Week 10 Assignment 2: Practicum: Decision Tree

The media presentation for this assignment is a case of young Carrie a 13-year-old Hispanic girl who came to the clinical office accompanied by her mother and father after she was referred by her primary provider for unmanageable behavioral issues.The young female presented with symptoms irritable mood, auditory and visual hallucination, delusional, poor academic performance and impaired social function. This paper explains the three decision that includes an appropriate diagnosis that I will make for the Carries symptoms, the choice of the treatment plan and the ethical review impacting the treatment decision concerning my young Hispanic patient. Week 10 Assignment 2: Practicum: Decision Tree

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Decision Point # 1: Differential Diagnosis

Patient’s Diagnosis: Early Onset Schizophrenia

The background information presented in the case study with my assessment and interview conducted, are the bases of my decision with the diagnosis of Early Onset Schizophrenia (EOS).

My Rationale: Schizophrenia is a problematic neurodevelopment chronic psychiatric disorder besetting 1% of the population worldwide, even though the early age of the illness is uncommon (Vyas & Gogtay,2012). According to study, the EOS is analyze as onset before 18 years of age. The characteristic features of the disorder according to DSM-5 or International Classification of Diseases are hallucinations, delusions, disorganized speech, disorganized or catatonic behavior, and negative symptoms such as flat affect (McClellan & Stock, 2013). Based on the criteria outlined by the DSM-5, it identify that two or more of the attribute symptoms of the disorder that is hallucinations, delusions, disorganized speech, disorganized or catatonic behavior, and negative symptoms, must be occurring for at least 1 to 6 month (APA, 2013). Week 10 Assignment 2: Practicum: Decision Tree

Carrie was already acting out the manifestation of auditory and visual hallucination features since she is responding to internal stimuli: that is the object she described as partially cat and human friends that converse with her in her head. She is delusional with the believed that some people in the TV have a personalized command task mainly for her. Her academic work is poorly written, unable to socialize with her peers. These changes have been going on for more than a year; she has passed from one class session to another even though her Teacher felt she should have to repeat the previous class (Laureate Education Producer, 2017b). All these information align with the criteria for the diagnosis of EOS according to DSM- 5, it concludes my diagnosis decision.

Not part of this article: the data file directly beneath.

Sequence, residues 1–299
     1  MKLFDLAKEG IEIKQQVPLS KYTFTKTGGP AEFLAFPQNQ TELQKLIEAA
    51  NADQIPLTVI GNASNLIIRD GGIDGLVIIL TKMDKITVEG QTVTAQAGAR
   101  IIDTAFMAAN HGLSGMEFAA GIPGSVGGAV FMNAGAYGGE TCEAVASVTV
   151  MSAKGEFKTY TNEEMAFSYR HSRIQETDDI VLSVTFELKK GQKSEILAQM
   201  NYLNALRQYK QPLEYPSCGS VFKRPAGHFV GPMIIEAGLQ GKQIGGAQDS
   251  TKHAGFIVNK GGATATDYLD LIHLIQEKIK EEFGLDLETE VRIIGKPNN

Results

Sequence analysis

My Expectation and Difference: At this stage my main concern how to make Carrie’s parent understand the diagnosis of their child and the fact that family history might play a part in this since her paternal grandfather was known to have schizophrenia (Laureate Education Producer, 2017b).

Decision Point # 2: Refer to Psychological Testing

My Rationale: I decided on taking this step even though am aware that no lab study is required to diagnose a patient of Schizophrenia, but the parameter for effective treatment depends on identifying underlying medical, psychiatric and psychosocial risk factors. Another thing is that the disease is not common in children and it is accessible to diagnosis in adolescent than in children, so I believed a careful assessment and evaluation that including a screening question for psychosis are needed before diagnosing the young girl with the disorder (McClellan & Stock, 2013). Refer Carrie to psychological testing will allow Psychiatric detail assessments which are more subjective, together with a thorough examination of all areas of development and functioning of her life even though she appears to have a healthy growth with girls of her age. The assessment tools that can be used are the Schedule for Affective Disorders and Schizophrenia, the Positive and Negative Symptom Scale and the Premorbid Adjustment Scale. The negative symptom scale result might show the severity of the deficit in Carrie executive functioning, that is her memory, reasoning, problem-solving and planning. Which might explain her poor performance in school (Bartlett, 2014). The symptoms presented in Carrie are similar to the one known with the disorder such as ADHD, bipolar, ODD. The testing result will help me rule out these other diseases. It will also help to validate the diagnosis of EOS in my patient while preventing a misdiagnosis (McClellan & Stock, 2013).

My Expectation and Differences: My goal is to have an in-depth understanding of the manifestation of all the symptoms presented in the young lady and the prognosis for better treatment. Also, I want to be able to prepared Carrie parents to accept the diagnosis of their daughter, educate them on what to expect and the treatment plan, get their consent to begin treatment. Week 10 Assignment 2: Practicum: Decision Tree

There was no differences of diagnosis, the psychologist confirm the diagnosis of EOS even though they used some other different testing tool from mine.

Decision Point # 3: Begin Lurasidone 40 mg Orally Daily